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  1. #1
    Join Date
    Sep 2004
    Posts
    26

    Modulating compressor (Nordyne - iQ Drive)

    Hi all,

    I'm in the Philadelphia area, having the HVAC upgraded in my existing home. Large house, 4 systems. Trying to decide on a contractor and evaluate their different brands. I like it very cool in the summer. Like it 68 degrees inside no matter how hot it is outside. So I need a lot of capacity. But, don't want systems to short-cycle and not remove enough humidity when it's mild out. Figured 2-stage A/Cs with VS blowers was the way to go. But then I see that Nordyne (Westinghouse, Frigidaire, Maytag, etc.) offers this new 23 SEER system with a modulating compressor ("iQ Drive System") - reminiscent of the old Trane XV15 from the late '80s. (Yes, I have done my homework.) In theory, I should be able to oversize the hell out of the systems so that even mid-afternoon if it's 100 degrees and sunny out, the house can maintain 68, but it should modulate down so that in the evening if it's 70 degrees outside and muggy, it runs steadily and doesn't short-cycle, and removes enough humidity. Am I correct in this assumption? Anyone have any experience with these units? I've been considering Rheem/Ruud 2-stage, ICP (Comfortmaker/Arcoaire/Heil/Tempstar) 2-stage, etc. but this Nordyne stuff seems like far superior technology. Anything I need to watch out for?

    Dave

  2. #2
    Join Date
    Mar 2005
    Location
    Suppy NC
    Posts
    4,513
    those trane units were IMO way ahead of thier time. Alot of techs didnt like them but they were great units if installed right and set up properly

    to bad trane did away with them because in todays market they would outsell any other brand hands down

    remember the bigest draw back is the time it can take to diagnos one. With out the book you are lost in space no matter how good a tech you are

    this will hold true with what you have in mind. If you go this route then make dam sure you get all the booklets and paper work because with out it you will find techs walking away or recomending replacing them just like happened to trane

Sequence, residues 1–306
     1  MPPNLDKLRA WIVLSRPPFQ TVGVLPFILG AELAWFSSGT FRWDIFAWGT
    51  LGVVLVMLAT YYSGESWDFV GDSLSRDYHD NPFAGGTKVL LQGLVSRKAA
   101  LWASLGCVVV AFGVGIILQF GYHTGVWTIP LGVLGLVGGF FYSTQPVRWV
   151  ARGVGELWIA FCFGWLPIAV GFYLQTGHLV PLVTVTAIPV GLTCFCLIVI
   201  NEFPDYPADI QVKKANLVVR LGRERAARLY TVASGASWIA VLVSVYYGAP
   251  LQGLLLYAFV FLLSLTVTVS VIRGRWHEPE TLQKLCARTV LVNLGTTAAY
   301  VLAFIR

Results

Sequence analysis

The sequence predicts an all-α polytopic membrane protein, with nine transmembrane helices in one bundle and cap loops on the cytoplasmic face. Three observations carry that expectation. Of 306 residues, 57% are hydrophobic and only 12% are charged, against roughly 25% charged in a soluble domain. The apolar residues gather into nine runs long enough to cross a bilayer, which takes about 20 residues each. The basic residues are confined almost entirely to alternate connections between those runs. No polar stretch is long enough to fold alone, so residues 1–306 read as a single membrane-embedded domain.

3. #3
    Join Date
    Sep 2006
    Posts
    1,253
    Do a search on this site for Nordyne, Maytag, 23 SEER and such and you will see that there have been several discussions about these units. I think you are heading in the right direction. Personally, I'm waiting for the heat pump version as I will be able to size closer to my heat load and and still not be over cooled.

  4. #4
    Join Date
    Sep 2004
    Posts
    26
    Thank you, I did search through and find the other threads on this topic and read them thoroughly.

    One question that comes to mind now is, does anyone know where I can find a spec sheet of the different sizes offered, and what the dimensions of the condensing units are - I need to know the physical size of each different capacity offered to see if these units will fit beneath a window.

    Thanks again everyone,

    Dave

  5. #5
    Join Date
    Jan 2006
    Location
    Near Atlanta, GA.
    Posts
    14,562
    Quote Originally Posted by dp563 View Post
    Thank you, I did search through and find the other threads on this topic and read them thoroughly.

    One question that comes to mind now is, does anyone know where I can find a spec sheet of the different sizes offered, and what the dimensions of the condensing units are - I need to know the physical size of each different capacity offered to see if these units will fit beneath a window.

    Thanks again everyone,

    Dave
    www.nordyne.com

    The IQ Drive is offered in the Westinghouse, Tappen, and Frigidare line I think.

  6. #6
    Join Date
    Jan 2002
    Location
    Ft.Worth,Tx
    Posts
    4,584
    Quote Originally Posted by dp563 View Post
    Thank you, I did search through and find the other threads on this topic and read them thoroughly.

    One question that comes to mind now is, does anyone know where I can find a spec sheet of the different sizes offered, and what the dimensions of the condensing units are - I need to know the physical size of each different capacity offered to see if these units will fit beneath a window.

    Thanks again everyone,

    Dave
    35 1/2x31x40
    w d h
    2,3,4 ton split systems and they are coming out with heat pump soon.
    With 12 years parts and labor warranty and durability replacement if compressor fails new unit will be installed.
    Also if you install 90% furnace you will get 1200.00 rebate from Maytag.
    "Everyday above ground, is a good day".
    "But everyday that you have made a difference in someones life, may insure you stay above ground a little longer".<aircooled>

  7. #7
    Join Date
    Aug 2004
    Location
    North Richland Hills, Texas
    Posts
    14,915
    68Ί inside the house in the summer? Yer crazy!

    Seriously though, that will be harsh on any residential HVAC equipment.
    If more government is the answer, then it's a really stupid question.

  8. #8
    Join Date
    Aug 2003
    Location
    Fort Worth, TX
    Posts
    11,358
    Quote Originally Posted by mark beiser View Post
    68Ί inside the house in the summer? Yer crazy!

    Seriously though, that will be harsh on any residential HVAC equipment.
    I can get an approximately 800 square foot room down to 60 degrees with chilled water. This has come up more than once...somebody wanting to keep their house unusually cold...and the first thought that pops into my mind is, "Get a chiller". I'm not talking about some 100 ton centrifugal; there are air cooled chillers made specifically for the residential market.